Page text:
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|Title:||Benzothienoquinolines : new one-pot synthesis and fluorescence studies of their interaction with DNA and polynucleotides|
|Author(s):||Rodrigues, Ana Rita O.|
Carvalho, M. Solange D.
Cardoso, J. André V.
Calhelha, Ricardo C.
Queiroz, Maria João R. P.
Coutinho, Paulo J. G.
Castanheira, Elisabete M. S.
|Journal:||Journal of photochemistry and photobiology A : chemistry|
|Abstract(s):||In this work, we were able to obtain the benzothieno[3,2-b]quinoline 1 and benzothieno[2,3-c]quinoline 2 using a new one-pot procedure from the reaction of the commercially available 3-bromobenzo[b]thiophene-2-carbaldehyde with 2-aminophenylpinacolborane under Suzuki coupling conditions using a stereochemically hindered ligand, 2-(cyclohexylphosphane)biphenyl and Ba(OH)2.8H2O as the base. Fluorescence properties of the benzothieno[3,2-b]quinoline 1 and the benzothieno[2,3-c]quinoline 2 were studied in solvents of different polarity. Both compounds exhibit a solvent sensitive emission, compound 1 being less fluorescent (quantum yield < 0.05) than compound 2 (quantum yield between 0.04 and 0.10). The interaction of these compounds with salmon sperm DNA and synthetic double-stranded heteropolynucleotides, poly(dA–dT)•(dA–dT) and poly(dG–dC)•(dG–dC), was studied using spectroscopic methods, allowing the determination of the intrinsic binding constants and binding site sizes. The interaction of both compounds is stronger with adenine-thymine (A-T) base pairs. Compound 1 is the most intercalative in salmon sperm DNA (47%) and polynucleotides (46%-49% of intercalated molecules), while for compound 2, 41% is intercalated in salmon sperm DNA and only 8% in poly(dG–dC)•(dG–dC). Docking studies indicate that compound 1 interacts more strongly with DNA than compound 2, with a significant value of binding free energy in the case of intercalation. Minor groove binding is also very favorable and, probably, both mechanisms occur with a preponderance of intercalation in the case of compound 1. Overall, these results indicate that both benzothienoquinolines interact with nucleic acids by both intercalation and groove binding.|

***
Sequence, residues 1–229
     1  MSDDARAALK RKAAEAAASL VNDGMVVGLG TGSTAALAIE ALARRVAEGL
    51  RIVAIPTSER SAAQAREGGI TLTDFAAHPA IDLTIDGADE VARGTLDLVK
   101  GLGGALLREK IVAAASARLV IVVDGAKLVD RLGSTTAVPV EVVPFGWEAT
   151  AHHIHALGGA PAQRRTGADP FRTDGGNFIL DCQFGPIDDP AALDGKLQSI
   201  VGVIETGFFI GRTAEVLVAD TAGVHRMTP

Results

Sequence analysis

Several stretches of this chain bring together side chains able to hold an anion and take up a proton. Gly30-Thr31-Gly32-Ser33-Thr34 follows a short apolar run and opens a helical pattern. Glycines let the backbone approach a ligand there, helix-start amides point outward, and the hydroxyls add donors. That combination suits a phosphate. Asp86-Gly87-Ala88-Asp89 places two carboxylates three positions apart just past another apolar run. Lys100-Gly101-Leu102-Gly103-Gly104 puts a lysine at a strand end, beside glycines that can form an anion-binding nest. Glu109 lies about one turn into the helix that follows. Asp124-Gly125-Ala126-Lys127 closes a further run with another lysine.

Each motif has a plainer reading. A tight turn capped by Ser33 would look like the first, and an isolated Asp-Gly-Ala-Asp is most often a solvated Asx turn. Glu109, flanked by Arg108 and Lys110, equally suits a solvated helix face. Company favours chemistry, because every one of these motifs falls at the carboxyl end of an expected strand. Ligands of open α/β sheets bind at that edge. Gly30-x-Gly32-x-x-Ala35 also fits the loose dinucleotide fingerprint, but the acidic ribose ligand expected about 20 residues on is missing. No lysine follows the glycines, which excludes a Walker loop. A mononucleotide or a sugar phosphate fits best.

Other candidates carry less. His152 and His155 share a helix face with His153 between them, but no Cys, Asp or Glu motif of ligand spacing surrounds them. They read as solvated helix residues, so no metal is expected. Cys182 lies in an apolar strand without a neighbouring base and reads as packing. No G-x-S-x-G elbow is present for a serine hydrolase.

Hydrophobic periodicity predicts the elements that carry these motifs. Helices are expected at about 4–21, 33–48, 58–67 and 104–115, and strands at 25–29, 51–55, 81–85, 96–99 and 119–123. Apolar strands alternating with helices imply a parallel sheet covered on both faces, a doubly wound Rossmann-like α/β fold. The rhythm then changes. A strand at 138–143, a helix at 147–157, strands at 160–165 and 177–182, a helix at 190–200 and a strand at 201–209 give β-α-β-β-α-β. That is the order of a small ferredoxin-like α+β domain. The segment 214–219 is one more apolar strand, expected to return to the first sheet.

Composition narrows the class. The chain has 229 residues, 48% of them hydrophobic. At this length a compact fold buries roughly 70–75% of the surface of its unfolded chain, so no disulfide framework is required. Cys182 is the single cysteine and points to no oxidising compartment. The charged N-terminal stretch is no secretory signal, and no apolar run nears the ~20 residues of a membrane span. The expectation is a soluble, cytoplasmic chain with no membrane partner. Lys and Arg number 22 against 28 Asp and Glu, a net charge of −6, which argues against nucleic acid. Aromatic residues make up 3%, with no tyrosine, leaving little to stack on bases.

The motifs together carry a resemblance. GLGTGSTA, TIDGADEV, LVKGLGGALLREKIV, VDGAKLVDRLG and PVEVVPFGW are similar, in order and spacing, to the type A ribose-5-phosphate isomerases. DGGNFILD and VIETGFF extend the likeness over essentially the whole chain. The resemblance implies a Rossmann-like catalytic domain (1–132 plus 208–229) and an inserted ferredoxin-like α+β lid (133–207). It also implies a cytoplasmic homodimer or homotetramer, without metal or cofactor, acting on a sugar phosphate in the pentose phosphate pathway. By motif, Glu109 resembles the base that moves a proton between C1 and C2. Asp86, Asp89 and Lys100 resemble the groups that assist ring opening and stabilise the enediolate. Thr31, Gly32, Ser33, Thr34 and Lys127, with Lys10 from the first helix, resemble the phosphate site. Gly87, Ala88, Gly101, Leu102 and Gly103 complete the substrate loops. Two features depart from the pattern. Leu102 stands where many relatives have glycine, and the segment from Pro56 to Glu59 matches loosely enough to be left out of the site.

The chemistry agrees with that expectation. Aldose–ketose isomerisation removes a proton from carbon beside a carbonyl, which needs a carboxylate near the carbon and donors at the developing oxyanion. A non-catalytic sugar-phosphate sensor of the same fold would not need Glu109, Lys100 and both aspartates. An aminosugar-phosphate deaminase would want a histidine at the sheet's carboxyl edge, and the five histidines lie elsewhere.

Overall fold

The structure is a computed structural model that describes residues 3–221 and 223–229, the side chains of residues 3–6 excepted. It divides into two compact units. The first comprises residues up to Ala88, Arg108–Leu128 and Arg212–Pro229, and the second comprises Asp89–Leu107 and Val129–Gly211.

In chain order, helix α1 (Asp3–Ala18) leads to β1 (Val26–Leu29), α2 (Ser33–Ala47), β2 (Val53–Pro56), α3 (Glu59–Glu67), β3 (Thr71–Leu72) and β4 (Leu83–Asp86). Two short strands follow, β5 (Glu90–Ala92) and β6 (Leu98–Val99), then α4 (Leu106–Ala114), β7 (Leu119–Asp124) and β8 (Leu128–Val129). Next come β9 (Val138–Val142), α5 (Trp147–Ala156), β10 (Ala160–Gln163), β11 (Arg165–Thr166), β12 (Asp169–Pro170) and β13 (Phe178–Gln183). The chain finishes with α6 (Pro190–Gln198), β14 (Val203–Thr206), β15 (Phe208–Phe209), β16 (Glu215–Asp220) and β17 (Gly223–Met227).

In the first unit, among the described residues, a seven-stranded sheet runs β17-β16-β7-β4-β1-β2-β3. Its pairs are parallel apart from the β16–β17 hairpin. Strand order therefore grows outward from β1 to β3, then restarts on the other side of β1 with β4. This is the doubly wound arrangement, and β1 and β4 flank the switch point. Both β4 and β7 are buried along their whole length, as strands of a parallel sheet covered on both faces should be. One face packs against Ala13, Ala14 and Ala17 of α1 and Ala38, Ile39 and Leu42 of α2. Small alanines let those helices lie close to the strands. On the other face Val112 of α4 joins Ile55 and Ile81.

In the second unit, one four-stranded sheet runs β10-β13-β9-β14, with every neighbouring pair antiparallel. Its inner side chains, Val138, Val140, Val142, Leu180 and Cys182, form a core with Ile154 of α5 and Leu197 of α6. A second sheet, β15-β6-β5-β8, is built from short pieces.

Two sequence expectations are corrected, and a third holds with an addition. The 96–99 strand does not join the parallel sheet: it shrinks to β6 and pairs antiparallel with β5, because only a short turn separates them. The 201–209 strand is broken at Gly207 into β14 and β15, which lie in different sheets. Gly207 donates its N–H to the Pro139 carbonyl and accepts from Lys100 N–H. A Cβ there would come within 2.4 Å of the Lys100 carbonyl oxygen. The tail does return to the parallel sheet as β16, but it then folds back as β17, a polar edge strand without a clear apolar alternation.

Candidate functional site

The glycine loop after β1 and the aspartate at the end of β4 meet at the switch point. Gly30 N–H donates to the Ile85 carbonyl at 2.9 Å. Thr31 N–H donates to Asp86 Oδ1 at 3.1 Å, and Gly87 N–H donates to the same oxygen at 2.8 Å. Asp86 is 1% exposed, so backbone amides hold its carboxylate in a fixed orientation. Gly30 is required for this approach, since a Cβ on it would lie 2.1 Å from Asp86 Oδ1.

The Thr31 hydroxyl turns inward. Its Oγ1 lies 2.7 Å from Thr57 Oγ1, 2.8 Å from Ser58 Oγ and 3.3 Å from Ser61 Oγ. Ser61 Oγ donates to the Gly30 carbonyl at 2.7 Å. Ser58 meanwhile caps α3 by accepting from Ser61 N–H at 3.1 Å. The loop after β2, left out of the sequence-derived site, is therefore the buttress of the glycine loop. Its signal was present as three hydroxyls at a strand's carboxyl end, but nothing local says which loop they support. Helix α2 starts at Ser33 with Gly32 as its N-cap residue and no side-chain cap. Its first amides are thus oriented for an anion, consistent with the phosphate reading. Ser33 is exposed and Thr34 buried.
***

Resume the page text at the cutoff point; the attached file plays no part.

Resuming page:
|Description:||Revised version. "Available online 10 August 2014"|
|Appears in Collections:||CDF - FAMO - Artigos/Papers (with refereeing)|
CDQuim - Artigos (Papers)
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